Use career fairs, co-op programs, and internships to your advantage to obtain real-world experience in your area of interest. These opportunities can improve your chances of landing a job after graduation by helping you enhance your résumé and professional networks. To enhance your job-hunting abilities, participate in career workshops and make use of career services.
9. Look for several mentors to help you
According to Zarate, “Some mentors will listen and support you, while others will give you access to networks or useful information.” Don’t count on one mentor to meet all of your needs.
a reliable starting point? Make friends with seniors who can share their experiences juggling school and social life.
You may also speak with an academic adviser, says Grommo, who explains that doing so will assist the student remain on track with the coursework required for their degree and make sure they graduate. You can also get assistance from counselors in Student Affairs and in the career center on your campus.
10. Utilize resources for diversity and culture
Many institutions include departments or groups that serve students from various backgrounds. These places can offer possibilities for interacting with your heritage, cultural events, and a sense of belonging. Investigate these tools to connect with other students going through similar things and to celebrate your cultural identity.
11. Stay strong and confident
College life may be difficult, so it’s important to look after your mental health and get help when you need it. If you’re experiencing stress, anxiety, or other mental health issues and are feeling overwhelmed, get in touch with university counseling services, student support centers, or hotlines. Always keep in mind that asking for assistance is a show of strength and that you have access to support services.
12. Contact other first-generation college students
It may be quite beneficial to create a network of peers who are also first-generation college students. Look for groups or organizations on campus that promote first-generation college students. These organizations may offer a feeling of community, common experiences, and insightful counsel.
13. Establish a rapport with your lecturers
Zarate advises students to get in touch with their instructors via email or in person during office hours rather than only in class. Even if your teachers seem busy, keep in mind that everyone has the right to contact their teachers.
Zarate advises talking to your professors about a range of issues, including the class you’re taking with that professor, worries about your career, and asking for their suggestions for upcoming classes. “Faculty are usually very open to having those discussions,” she observes.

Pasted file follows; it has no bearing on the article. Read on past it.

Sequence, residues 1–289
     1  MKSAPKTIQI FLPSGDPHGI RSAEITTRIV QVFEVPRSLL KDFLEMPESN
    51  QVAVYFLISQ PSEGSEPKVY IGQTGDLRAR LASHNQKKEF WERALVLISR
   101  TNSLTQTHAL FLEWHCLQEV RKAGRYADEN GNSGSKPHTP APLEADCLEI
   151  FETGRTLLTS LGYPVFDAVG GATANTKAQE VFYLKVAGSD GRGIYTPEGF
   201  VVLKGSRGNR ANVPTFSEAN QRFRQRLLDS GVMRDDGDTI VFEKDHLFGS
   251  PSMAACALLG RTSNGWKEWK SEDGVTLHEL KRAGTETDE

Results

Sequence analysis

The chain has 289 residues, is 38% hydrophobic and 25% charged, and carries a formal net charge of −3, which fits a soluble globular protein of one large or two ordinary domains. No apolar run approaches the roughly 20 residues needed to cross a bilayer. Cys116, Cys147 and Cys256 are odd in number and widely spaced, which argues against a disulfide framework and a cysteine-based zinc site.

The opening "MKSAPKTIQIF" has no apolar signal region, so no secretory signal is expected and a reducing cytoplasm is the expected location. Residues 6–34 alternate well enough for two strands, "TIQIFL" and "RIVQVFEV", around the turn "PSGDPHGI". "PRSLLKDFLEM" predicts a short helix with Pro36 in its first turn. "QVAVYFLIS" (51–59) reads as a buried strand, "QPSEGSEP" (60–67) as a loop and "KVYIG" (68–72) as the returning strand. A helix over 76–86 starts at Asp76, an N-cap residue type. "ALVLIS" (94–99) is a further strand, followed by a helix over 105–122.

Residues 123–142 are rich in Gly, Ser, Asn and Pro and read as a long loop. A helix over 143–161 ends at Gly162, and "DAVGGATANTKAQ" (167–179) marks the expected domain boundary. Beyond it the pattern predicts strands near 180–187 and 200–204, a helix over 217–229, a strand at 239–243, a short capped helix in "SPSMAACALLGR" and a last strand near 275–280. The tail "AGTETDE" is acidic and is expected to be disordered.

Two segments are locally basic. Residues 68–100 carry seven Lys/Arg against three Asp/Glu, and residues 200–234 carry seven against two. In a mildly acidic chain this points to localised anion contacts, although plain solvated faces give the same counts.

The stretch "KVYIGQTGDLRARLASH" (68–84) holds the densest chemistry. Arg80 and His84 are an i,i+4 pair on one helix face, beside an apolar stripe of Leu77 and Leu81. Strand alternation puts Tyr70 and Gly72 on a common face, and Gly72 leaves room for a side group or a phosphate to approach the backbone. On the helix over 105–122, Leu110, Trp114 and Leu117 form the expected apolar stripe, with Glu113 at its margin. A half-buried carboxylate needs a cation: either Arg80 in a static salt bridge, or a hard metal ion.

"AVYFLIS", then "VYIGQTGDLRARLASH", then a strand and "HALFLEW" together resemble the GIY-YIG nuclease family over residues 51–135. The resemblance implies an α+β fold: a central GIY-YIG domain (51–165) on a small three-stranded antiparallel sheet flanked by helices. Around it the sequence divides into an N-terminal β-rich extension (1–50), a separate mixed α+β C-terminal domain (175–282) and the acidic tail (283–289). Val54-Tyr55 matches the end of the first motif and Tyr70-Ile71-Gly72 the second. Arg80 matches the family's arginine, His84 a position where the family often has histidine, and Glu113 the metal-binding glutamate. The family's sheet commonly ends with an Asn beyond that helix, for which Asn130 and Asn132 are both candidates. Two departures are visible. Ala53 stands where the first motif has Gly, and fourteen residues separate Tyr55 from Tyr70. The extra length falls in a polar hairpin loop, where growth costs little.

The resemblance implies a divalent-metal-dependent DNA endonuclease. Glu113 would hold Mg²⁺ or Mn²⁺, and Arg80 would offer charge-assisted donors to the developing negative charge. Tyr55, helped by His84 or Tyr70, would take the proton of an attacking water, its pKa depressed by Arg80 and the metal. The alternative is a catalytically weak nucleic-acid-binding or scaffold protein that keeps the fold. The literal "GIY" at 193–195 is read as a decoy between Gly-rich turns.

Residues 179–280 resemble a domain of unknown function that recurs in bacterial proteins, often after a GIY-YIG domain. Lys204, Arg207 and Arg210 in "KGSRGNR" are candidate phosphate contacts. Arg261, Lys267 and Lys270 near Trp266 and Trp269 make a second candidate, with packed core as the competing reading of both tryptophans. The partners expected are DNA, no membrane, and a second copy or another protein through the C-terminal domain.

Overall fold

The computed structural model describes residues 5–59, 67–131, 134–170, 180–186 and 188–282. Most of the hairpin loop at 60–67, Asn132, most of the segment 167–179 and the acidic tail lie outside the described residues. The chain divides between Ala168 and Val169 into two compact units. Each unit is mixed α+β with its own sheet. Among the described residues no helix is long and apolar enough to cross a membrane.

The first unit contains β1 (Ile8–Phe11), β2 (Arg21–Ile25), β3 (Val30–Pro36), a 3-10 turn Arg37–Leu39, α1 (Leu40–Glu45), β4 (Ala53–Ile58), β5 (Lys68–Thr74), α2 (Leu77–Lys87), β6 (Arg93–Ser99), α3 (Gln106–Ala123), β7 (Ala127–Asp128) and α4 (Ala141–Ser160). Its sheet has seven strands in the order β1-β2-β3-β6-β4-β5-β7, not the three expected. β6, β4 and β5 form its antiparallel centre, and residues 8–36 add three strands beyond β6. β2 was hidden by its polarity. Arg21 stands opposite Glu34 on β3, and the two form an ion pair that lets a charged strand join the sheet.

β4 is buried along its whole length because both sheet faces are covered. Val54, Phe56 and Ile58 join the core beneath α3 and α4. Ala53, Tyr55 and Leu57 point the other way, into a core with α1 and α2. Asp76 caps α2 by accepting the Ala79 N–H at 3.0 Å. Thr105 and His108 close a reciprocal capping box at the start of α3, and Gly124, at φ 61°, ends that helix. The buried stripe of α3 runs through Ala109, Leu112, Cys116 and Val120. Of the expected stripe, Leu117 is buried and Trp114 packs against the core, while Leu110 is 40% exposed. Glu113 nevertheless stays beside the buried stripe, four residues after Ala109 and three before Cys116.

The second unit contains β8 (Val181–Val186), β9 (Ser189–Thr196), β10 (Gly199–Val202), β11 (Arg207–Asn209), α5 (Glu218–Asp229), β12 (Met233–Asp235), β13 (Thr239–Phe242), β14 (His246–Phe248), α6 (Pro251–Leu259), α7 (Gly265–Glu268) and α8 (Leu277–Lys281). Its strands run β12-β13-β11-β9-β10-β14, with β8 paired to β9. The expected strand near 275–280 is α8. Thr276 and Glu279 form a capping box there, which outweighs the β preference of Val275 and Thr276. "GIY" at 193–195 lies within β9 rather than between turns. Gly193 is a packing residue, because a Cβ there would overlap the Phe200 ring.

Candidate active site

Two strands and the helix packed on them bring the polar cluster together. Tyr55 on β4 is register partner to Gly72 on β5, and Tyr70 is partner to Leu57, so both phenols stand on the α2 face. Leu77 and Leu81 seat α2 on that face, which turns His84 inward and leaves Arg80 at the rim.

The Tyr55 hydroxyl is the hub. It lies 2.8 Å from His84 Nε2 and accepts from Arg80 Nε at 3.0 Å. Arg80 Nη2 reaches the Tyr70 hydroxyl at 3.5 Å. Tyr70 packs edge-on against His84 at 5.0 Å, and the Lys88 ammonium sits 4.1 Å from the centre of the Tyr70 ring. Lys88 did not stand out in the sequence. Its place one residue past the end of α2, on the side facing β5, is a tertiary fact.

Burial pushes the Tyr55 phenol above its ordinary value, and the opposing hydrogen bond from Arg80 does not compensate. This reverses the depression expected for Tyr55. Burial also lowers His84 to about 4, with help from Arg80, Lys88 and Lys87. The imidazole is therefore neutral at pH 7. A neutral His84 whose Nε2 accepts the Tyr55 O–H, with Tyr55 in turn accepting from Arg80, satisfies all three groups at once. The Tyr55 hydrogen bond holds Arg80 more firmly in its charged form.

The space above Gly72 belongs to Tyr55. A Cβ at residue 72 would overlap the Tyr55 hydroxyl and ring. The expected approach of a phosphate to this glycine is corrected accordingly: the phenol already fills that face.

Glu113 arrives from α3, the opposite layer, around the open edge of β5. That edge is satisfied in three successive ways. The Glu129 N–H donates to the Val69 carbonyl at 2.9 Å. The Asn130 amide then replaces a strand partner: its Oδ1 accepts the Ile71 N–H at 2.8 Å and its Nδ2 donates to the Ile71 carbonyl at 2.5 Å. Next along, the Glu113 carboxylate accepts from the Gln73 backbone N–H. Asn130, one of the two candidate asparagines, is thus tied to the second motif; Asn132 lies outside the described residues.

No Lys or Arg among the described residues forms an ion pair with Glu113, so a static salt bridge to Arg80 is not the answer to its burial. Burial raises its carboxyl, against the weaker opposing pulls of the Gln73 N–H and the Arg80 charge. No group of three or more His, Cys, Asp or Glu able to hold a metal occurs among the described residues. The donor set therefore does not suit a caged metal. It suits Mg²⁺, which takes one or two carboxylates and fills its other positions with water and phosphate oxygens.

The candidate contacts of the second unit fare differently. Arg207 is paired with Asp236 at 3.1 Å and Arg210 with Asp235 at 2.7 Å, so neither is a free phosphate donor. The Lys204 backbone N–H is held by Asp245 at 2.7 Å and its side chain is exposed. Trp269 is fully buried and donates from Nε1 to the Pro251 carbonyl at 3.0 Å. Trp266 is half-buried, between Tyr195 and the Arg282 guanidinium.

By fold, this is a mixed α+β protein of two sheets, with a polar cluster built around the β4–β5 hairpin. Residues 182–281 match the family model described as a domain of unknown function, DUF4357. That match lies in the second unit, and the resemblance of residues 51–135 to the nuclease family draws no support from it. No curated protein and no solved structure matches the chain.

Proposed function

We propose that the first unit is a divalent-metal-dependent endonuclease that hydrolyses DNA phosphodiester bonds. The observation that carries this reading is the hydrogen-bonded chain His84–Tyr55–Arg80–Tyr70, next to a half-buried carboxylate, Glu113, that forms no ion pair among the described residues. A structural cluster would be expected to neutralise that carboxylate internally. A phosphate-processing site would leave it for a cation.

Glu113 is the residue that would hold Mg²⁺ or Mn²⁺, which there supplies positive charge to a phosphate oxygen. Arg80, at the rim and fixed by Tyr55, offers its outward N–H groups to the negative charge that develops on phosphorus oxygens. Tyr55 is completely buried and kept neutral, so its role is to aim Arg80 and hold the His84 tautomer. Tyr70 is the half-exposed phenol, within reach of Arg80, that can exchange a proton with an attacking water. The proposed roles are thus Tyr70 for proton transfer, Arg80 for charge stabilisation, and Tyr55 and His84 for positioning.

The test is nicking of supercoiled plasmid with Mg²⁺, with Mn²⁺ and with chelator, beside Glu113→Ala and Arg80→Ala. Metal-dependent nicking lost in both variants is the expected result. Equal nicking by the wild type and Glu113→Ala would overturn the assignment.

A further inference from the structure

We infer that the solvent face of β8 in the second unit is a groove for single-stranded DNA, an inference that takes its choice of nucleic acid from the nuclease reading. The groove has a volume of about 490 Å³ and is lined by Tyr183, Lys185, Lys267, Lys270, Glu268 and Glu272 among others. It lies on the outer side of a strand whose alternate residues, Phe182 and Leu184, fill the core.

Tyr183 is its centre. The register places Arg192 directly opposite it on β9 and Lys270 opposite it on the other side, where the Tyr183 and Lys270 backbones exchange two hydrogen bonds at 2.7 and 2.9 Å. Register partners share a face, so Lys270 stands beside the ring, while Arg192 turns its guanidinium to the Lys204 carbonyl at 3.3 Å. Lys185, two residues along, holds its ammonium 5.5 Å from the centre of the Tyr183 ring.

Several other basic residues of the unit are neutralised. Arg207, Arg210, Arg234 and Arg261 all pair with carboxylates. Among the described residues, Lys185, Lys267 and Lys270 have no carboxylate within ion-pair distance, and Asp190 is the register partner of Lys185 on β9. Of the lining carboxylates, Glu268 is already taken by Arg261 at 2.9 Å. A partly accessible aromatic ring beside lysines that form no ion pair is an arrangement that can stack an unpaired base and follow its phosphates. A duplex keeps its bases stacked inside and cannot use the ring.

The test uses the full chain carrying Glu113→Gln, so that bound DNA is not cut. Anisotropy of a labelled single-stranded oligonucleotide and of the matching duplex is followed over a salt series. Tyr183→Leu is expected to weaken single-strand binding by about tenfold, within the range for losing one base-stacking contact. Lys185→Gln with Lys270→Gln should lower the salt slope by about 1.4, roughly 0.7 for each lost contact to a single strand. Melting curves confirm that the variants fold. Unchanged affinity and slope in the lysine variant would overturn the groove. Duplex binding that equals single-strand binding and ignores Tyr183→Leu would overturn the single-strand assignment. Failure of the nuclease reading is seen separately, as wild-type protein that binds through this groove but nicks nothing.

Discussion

14. Ask for any help
The most crucial fact that any first-generation college student should be aware of is the abundance of services available on campus that are intended to both help your academic endeavors and you as a person.
Many CSU campuses have established student success centers that offer academic coaching and workshops, and most feature math and writing centers (two subjects in which many students struggle).
But in addition to academics, leading a healthy, balanced lifestyle is crucial. Zarate concurs that seeking mental health help is acceptable. Your success depends just as much on how effectively you handle stress and how often you engage in social activities.
Being the first person in her family to graduate from college wasn’t easy for Zarate, but she claims she had no choice but to do it.
You may effectively navigate college life as a first-generation student by adopting these suggestions and being proactive in seeking help. Keep your eyes on your objectives while remembering to be happy with your successes. Your commitment.
Remember that it’s common for first-generation students to experience difficulties, but with persistence, a network of support, and the use of available resources, you may succeed in college and meet your objectives. Good luck in your collegiate endeavors!
There was no other choice. Having radically different life and health outcomes was a need for earning a bachelor’s degree, she emphasized. You must do all in your power to finish that degree because it is imperative.